DISEASE RISKS OF OCCUPATIONAL EXPOSURE TO SEWAGE

C. Scott Clark*, Edward J. Cleary, Gilbert M. Schiff, Clavin C. Linneman, John P. Phair, Terrence M. Briggs

*Corresponding author for this work

Research output: Contribution to journalArticlepeer-review

31 Scopus citations

Abstract

A need exists for assessment of the potential health risks to the public from waters receiving waste discharges. Some insight concerning such risks may be gained from a review of studies of persons exposed on an occupational basis to wastewater, i. e. , those working at wastewater treatment plants and in sewers. The most complete investigation in the literature was a retrospective study of Berlin sewer workers reported in 1954. This investigation revealed less evidence of occupational disease hazards than a number of more limited studies which showed increased antibody levels to leptospirosis, frequent gastrointestinal illness, and increased parasitic infections, such as Endamoeba histolytica, Ascaris lumbricoides, and Trichurus trichiura. Studies on airborne transmission from wastewater have thus far focused on bacterial levels near waste treatment facilities and not on health effects.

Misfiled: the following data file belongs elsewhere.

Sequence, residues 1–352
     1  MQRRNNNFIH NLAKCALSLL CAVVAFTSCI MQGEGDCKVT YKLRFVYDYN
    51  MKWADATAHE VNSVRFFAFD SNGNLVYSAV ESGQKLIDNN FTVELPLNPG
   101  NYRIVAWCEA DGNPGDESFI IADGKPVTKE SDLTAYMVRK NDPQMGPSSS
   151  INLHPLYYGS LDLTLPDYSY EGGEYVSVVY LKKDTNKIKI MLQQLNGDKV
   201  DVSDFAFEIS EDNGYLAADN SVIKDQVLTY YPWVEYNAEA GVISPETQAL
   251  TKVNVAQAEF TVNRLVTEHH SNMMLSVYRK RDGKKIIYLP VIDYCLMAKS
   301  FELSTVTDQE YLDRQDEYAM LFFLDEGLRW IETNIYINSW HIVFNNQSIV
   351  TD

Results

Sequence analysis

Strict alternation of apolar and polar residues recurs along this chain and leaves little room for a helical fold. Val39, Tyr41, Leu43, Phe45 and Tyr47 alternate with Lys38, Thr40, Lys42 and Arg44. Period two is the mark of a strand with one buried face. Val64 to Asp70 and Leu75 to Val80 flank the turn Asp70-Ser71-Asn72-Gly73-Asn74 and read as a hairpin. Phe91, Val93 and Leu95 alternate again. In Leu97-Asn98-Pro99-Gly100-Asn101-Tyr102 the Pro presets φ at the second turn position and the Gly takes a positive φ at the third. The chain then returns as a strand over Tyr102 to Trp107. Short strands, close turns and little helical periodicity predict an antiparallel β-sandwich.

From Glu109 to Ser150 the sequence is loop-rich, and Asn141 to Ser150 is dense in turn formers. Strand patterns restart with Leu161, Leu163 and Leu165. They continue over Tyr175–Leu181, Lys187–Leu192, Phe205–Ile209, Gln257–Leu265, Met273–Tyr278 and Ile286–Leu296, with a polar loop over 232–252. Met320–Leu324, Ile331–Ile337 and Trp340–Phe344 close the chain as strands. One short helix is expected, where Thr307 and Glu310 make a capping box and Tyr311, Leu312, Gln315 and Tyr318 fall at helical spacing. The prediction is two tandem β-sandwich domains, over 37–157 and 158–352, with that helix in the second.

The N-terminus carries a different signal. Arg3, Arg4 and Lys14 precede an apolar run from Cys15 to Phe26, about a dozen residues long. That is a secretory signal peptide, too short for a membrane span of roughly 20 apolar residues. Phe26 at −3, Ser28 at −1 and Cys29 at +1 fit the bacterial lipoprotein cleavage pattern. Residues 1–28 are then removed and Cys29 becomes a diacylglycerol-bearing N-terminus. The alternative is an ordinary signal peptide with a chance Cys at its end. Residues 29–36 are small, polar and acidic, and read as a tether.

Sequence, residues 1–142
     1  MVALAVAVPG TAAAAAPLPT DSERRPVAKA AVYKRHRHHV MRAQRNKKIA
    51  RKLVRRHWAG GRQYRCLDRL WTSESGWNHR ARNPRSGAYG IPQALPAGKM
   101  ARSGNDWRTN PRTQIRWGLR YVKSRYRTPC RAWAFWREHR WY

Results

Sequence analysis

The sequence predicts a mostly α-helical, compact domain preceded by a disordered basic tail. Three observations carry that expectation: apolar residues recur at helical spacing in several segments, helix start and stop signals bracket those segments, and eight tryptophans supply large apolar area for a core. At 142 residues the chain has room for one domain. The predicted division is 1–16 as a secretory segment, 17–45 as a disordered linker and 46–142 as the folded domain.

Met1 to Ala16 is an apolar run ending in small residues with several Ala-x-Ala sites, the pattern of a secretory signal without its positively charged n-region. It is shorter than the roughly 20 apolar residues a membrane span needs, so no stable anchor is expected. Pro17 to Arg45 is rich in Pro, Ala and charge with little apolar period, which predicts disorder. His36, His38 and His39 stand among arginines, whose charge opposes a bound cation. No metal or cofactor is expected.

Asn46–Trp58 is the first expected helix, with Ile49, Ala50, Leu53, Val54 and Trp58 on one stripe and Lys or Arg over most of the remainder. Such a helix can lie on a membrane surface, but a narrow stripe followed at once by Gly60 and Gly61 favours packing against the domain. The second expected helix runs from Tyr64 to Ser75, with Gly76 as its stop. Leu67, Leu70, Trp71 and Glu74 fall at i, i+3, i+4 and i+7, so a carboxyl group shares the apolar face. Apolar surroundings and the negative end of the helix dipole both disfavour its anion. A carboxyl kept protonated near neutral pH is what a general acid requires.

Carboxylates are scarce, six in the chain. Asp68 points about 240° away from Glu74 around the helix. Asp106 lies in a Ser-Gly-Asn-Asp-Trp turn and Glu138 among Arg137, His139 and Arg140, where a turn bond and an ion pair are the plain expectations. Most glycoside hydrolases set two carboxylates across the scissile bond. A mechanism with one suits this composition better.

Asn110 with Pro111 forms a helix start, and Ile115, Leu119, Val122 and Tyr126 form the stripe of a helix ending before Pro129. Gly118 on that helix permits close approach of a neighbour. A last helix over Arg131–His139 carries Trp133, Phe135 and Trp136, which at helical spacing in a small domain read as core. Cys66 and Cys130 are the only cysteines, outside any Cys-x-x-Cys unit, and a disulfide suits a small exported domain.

Original languageEnglish (US)
Pages (from-to)375-388
Number of pages14
JournalASCE J Environ Eng Div
Volume102
Issue number2
StatePublished - Jan 1 1976
Externally publishedYes

ASJC Scopus subject areas

  • Medicine(all)

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